Bisphosphonate may boost survival rates in advanced prostate cancer

August 27, 2009

Advanced prostate cancer patients who are treated with oral sodium clodronate appear to have improved survival rates, according to results of a British study.

Advanced prostate cancer patients who are treated with oral sodium clodronate appear to have improved survival rates, according to results of a British study.

British researchers evaluated long-term impact of the drug, which is designed to help prevent bone mass loss, in 819 men with advanced and localized prostate cancer.

At 5-year follow-up, study results showed a 30% overall survival rate for men with advanced prostate cancer who received clodronate, compared with 21% in the control group. After 10 years, there was still a 17% survival rate in the clodronate group compared with 9% of controls.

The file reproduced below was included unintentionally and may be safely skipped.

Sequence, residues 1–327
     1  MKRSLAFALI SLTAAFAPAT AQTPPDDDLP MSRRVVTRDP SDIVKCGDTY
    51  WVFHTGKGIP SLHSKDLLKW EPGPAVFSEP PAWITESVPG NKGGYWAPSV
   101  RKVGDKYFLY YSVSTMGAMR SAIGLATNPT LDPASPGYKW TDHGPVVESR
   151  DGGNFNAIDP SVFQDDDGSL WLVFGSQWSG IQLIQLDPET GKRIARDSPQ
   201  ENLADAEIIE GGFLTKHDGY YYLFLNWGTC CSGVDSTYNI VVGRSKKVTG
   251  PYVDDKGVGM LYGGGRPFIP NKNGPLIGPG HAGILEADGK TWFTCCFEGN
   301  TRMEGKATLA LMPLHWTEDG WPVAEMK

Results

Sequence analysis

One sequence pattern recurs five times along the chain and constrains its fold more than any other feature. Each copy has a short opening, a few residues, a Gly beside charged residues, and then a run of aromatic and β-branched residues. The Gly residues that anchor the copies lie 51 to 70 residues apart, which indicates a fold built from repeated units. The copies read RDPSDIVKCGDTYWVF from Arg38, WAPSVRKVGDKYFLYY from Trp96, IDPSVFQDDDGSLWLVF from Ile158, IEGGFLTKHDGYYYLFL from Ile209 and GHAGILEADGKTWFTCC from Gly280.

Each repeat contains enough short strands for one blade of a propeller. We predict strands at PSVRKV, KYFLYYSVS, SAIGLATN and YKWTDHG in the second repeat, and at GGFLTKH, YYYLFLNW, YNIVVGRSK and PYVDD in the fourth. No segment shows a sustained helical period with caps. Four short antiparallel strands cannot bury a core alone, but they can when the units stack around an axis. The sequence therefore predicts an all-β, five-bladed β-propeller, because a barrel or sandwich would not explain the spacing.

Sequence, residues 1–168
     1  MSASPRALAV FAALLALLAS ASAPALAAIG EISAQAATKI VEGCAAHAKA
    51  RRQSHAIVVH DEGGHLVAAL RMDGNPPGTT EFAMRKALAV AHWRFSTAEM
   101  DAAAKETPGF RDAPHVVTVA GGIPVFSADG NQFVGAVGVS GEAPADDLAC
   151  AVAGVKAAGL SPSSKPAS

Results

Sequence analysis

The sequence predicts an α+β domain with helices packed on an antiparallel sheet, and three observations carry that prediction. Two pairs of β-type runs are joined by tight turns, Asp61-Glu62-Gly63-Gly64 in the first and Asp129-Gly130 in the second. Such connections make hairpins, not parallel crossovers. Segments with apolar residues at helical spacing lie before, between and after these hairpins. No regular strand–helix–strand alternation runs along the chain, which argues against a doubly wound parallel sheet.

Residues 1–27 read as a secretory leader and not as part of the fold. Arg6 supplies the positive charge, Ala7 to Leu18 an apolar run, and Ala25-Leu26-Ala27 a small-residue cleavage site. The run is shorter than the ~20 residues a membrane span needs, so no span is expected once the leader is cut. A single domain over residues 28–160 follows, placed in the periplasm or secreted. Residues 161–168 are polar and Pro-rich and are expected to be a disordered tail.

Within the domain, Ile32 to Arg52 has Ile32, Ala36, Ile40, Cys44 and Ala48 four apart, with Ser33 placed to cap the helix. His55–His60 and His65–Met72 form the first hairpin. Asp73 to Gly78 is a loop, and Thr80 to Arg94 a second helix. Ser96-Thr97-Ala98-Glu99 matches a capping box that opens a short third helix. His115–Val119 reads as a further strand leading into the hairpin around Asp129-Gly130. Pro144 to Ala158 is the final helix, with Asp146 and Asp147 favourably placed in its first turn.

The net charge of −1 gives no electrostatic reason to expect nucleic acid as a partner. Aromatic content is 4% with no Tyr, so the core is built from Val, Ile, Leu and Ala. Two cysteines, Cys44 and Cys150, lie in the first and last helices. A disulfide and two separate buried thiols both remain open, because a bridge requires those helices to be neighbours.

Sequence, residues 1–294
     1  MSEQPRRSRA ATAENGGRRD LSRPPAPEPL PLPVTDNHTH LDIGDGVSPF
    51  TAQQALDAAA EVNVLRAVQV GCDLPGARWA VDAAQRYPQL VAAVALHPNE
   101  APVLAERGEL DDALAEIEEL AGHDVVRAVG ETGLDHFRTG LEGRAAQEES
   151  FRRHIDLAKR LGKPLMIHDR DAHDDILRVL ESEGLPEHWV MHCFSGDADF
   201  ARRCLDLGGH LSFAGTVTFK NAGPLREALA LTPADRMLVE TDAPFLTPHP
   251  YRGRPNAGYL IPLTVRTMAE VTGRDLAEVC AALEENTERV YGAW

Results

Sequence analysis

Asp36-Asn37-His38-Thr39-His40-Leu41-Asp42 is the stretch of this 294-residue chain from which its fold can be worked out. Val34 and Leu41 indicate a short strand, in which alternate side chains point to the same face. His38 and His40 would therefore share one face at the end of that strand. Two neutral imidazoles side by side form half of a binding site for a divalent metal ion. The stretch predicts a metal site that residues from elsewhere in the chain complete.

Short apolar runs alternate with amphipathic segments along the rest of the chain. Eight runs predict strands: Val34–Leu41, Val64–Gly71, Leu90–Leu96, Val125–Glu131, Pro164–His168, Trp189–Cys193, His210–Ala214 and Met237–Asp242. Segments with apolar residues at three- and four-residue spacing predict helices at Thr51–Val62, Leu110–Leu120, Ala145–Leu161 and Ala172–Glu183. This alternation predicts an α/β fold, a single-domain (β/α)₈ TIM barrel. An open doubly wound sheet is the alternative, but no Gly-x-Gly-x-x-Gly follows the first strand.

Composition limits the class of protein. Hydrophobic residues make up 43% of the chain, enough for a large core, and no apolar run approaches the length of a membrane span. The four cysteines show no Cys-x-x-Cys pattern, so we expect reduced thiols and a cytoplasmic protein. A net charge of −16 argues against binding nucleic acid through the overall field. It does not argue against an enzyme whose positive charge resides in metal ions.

"This is the first long-term clinical trial to show an overall survival benefit conferred by an oral bisphosphonate when given in addition to standard hormone therapy to men with bone metastases who are starting or responding to hormone therapy," said study co-author Malcolm D. Mason, MD, of Cardiff University, the United Kingdom.

No evidence was found of a drug-related effect in men with non-metastatic prostate cancer. Results of the study appeared online in The Lancet Oncology (Aug. 11, 2009).